As if dealing with a scofflaw last month, Judge Edward G. Smith hit Amos Miller with a hefty $250,000 fine with a 30-day payment deadline. Miller and his wife, from Bird-In-Hand, PA, own farms and a buyer’s club with sketchy records for food safety compliance.
Wednesday, the Eastern District of Pennsylvania judge decided to drop the pressure tactics against Miller and his Miller’s Organic Farm.
In a telephone conference, Smith adopted different tactics, saying he wants to “facilitate discussion between counsel regarding an amicable resolution of the outstanding motion to alter/amend the judgment and to permit the defendants the opportunity to demonstrate a good faith effort to come into compliance with the court’s orders. . .”
After finding Miller in contempt of court, Smith imposed the $250,000 fine on July 22 with a 30-day payment deadline. The deadline passed without payment from Miller, but Smith on Wednesday signed an order putting the $250,000 fine on hold “until further order of the court.”
On Aug 19, Miller’s attorney filed court documents suggesting his client is now complying with the food safety regulations, and his payment of the $250,000 fine should no longer be necessary. He wants the fine either waived or reduced.
Miller documented the steps he has taken to come into compliance by date:
- On or before Jul 22, Miller ceased the slaughter and delivery of amenable animals.
- On or before Jul 22, Miller ceased all amenable meat and poultry-related retail-exempt operations pending compliance with federal and state requirements of the Contempt Order.
- On Aug 4, Miller supplied USDA’s Food Safety and Inspection Service (FSIS) with the name of their proposed qualified, third independent party to conduct the inventory required by the Contempt Order.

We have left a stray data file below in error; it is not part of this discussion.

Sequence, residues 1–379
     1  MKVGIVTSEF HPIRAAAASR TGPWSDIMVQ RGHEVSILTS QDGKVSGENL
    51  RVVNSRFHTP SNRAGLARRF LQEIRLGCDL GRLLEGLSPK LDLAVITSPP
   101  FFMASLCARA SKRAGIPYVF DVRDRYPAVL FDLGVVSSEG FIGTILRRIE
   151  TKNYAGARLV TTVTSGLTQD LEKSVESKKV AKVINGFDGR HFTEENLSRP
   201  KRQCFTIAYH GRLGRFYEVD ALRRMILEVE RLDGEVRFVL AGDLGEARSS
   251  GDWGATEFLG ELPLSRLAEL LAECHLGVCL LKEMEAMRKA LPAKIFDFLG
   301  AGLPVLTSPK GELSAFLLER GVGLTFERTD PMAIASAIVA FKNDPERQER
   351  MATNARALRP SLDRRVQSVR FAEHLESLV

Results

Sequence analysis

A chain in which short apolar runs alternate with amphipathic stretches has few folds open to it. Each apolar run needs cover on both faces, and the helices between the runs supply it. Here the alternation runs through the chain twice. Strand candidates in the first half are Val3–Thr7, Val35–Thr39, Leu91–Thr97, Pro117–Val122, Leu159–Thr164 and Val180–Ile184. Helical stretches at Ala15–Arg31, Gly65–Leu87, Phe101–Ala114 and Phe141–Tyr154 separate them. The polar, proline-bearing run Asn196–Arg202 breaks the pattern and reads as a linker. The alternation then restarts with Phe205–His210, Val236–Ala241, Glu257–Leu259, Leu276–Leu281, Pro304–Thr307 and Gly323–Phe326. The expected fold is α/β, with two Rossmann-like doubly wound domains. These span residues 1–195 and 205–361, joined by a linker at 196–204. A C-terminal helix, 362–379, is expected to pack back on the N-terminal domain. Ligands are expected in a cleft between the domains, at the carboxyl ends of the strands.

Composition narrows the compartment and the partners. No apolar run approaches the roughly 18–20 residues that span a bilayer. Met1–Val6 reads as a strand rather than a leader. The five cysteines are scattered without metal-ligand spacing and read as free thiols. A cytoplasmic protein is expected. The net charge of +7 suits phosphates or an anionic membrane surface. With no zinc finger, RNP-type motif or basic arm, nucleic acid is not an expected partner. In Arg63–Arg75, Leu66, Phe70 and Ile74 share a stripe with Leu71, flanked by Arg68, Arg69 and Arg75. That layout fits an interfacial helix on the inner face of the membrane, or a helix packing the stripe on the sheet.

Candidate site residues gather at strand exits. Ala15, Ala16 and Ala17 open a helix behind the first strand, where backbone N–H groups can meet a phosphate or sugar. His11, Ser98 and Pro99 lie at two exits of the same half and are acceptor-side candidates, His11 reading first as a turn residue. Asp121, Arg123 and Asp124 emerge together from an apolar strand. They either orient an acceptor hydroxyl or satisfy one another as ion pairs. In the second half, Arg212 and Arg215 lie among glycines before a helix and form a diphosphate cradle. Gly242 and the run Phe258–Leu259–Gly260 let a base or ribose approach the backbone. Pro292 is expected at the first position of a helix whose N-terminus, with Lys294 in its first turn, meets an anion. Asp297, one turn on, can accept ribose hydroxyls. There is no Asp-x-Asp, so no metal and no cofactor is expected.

- On Aug 5, information was posted on the Miller’s Organic Farm website as required by the Contempt Order.
- On Aug.18, Miller reimbursed FSIS for its enforcement costs as required by the Contempt Order, and FSIS confirmed receipt of $14,436.26, which was the amount owed.
After the Aug 25 telephone conference, Judge Smith “Tolled” until further order of the court, the deadline for the government to respond to Miller’s filings.
The next check-up for Miller is set to be a 2:30 p.m. telephone conference on Sept 27.
Christopher D. Carusone, Miller’s attorney, said in the Aug. 19 filings that the $250,000 fine “appears to be structured as a coercive sanction.” The Harrisburg, PA, attorney said the fine “is inconsistent with the extenuating circumstances that prompted Mr. Miller’s acts of noncompliance.”
Miller violated a previous court order by resuming his slaughter operations. He took that action after Belmont Meats told Miller it could no longer use Miller’s citric acid as an antimicrobial. In the documents, Miller said his actions were “provoked by a sudden change in circumstances, not by some evil desire to trick the government.”
In his motion to the court, Carusone asks the court to reduce the fine to “no more than $25,000.” Miller has raised at least $75,000 from supporters on the internet.
Carusone said the $250,000 fine “is excessive” and not the least coercive sanction reasonably calculated to win compliance with the court’s orders.
Along with the Contempt of Court finding, the government previously has entered the following findings of fact regarding Amos Miller and Miller’s Organic Farm.
(a) Amos Miller and his wife owned and operated Miller’s, an unincorporated business located at 648 Mill Creek School Road, Bird-in-Hand, PA;
(b) at its farm site, Miller’s had been slaughtering livestock or poultry, and then preparing, processing, storing, and/or distributing meat, meat food products, and poultry products;
(c) Miller’s sold its meat, meat food products, and poultry products that are subject to the Acts (known as “amenable products”) for commercial purposes and for human consumption to consumers in Pennsylvania and throughout the United States;
(d) federal inspection is required at such an establishment that slaughters livestock or poultry, and then prepares or processes amenable meat, meat food products, or poultry products that are capable of use as human food for interstate or foreign commerce, unless the establishment qualifies for an exemption from federal inspection;
(e) Miller’s had been operating its meat and poultry business without a USDA-FSIS Federal Grant of Inspection and (with rare exception) without taking its livestock and poultry for slaughter and processing to any federally inspected facility; and
(f) defendants had not yet changed Miller’s business model to attempt to qualify for an exemption from federal inspection under the Acts for any part of their operations.
(To sign up for a free subscription to Food Safety News, click here.)